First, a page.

33. Tivol– Interstellar Overbike
Last Visible Dog
Pedal to the metal leather-clad, diesel stinkin' Finnish freak-noise blasted out over two huge space-jams of cosmic disorder and intergalactic chaos courting. This record doesn't really let up in density at all, the only times the guitars part is to allow the synths to come strafing into the void with their lazer guided melodies.

32. Deepchord Presents Echospace – The Coldest Season
Modern Love
I'm still not sold on Burial. What I hear when I listen to Untrue is nowhere near as convincingly formed as this record.
Detroit based ambient-dub producer Rod Modell teamed up with Soultek's Steve Hitchell to create an analogue snowstorm of silent ambient static. The Coldest Season is made more of sensations than music, the first sign of a beat taking over four minutes to appear in opener 'First Point Of Aries' and over the course of the album their shadowy presence never builds into much more than fleeting glimpses through the blizzard.

31. Lietterschpich– I Cum Blood In The Think Tank
Heart & Crossbone
Rock and roll based noise has never been the same since Wolf Eyes tore it up so hard with Burned Mind a couple of years ago, but Lietterschpich have added an extra sort of turmoil to the mix – an element of humanity and vulnerability. Not the kind of things Wolf Eyes would ever allow to creep in.

30. Voice Of The Seven Woods - Voice Of The Seven Woods
Twisted Nerve
The debut album of the Manchester based Rick Tomlinson, is an electrically revved psychedelic mind-melter of a folk album. Coming off the back of several self-released 7"s and CDRs, it's a freakish hybrid of fuzz-tone guitars, acid acoustics, blown-out psych-rock and kraut rhythms that keeps burrowing its way further into my brain with each listen.

29. JohnnyTwentyThree- JXXIII
The only band JohnnyTwentythree really remind me of is Brighton's Revenge Of Shinobi, much moreso than Explosions In the Sky and those of the gentler end of the post-rock spectrum – the lightness and space, the shimmering gossamer tremolo, the peaks that dance on tiptoes, the intensity - though that's not to say this doesn't get dense. It does. Very. An hugely involving listen that can take ten minutes to build up into a throbbing crescendo, and on 'Ghost Soldiers' is holds that peak for another ten, raining sheer euphoria into the room over every second.

28. Caina– Mourner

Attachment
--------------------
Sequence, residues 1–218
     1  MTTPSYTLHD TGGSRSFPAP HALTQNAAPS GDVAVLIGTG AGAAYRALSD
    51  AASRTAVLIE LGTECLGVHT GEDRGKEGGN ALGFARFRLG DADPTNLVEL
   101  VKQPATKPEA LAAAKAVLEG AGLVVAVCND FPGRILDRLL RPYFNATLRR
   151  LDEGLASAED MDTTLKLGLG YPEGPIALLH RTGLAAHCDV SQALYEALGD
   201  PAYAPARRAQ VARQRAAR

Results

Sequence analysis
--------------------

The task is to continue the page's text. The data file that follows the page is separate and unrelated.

Profound Lore
The work of the lone underground Sussex-based black metal visionary Andrew Curtis-Brignell, Mourner is a record of complex woven moods and sounds, taking black atmospherics into genuinely uncharted territories. All the hallmarks of raw turmoil are there in abundance, but few albums create such involving spaces to find yourself immersed in. Not surprisingly, the next album won't be out for another year – creating Mourner must have been an exhausting expenditure of energy and emotion.

27. Heavy Winged – On The Marble Cliffs
This is the first appearance of Heavy Winged in my list and this release is the most unfettered, noisy and downright unyielding of them all. Reasonably short by Winged standards, first track 'Concrete Glass' concludes after a bewildering six minutes of atonal scree and polymorphous feedback screeching. Very Japanese, but not in the least bit derivative, this trio do not normally go in for such furiously blown out indecipherable walls of noise but this is as in keeping with their greater vision as the beat driven shapes of the other two albums still to come.

26. Om– Pilgrimage
Southern Lord
This is not an album of music created through conscious thought and rehearsal, it is cosmic reverberation ciphered through human hands, already existing outside of the mortal sphere, the flesh a mere conduit for the galactic energies pooling themselves in the records grooves. Meditative and transcendental, Chris Hakius and Al Cisneros have locked into another set of super-massive riffs, and though it may not feature my favourite Om track (which would be 'Rays Of The Sun - To The Shrinebuilder' from the Current 93 split 10" Inerrant Rays Of Infallible Sun. Though Unitive Knowledge Of The Godhead comes a pretty close second) it does contain the most variety and depth of any of their releases so far.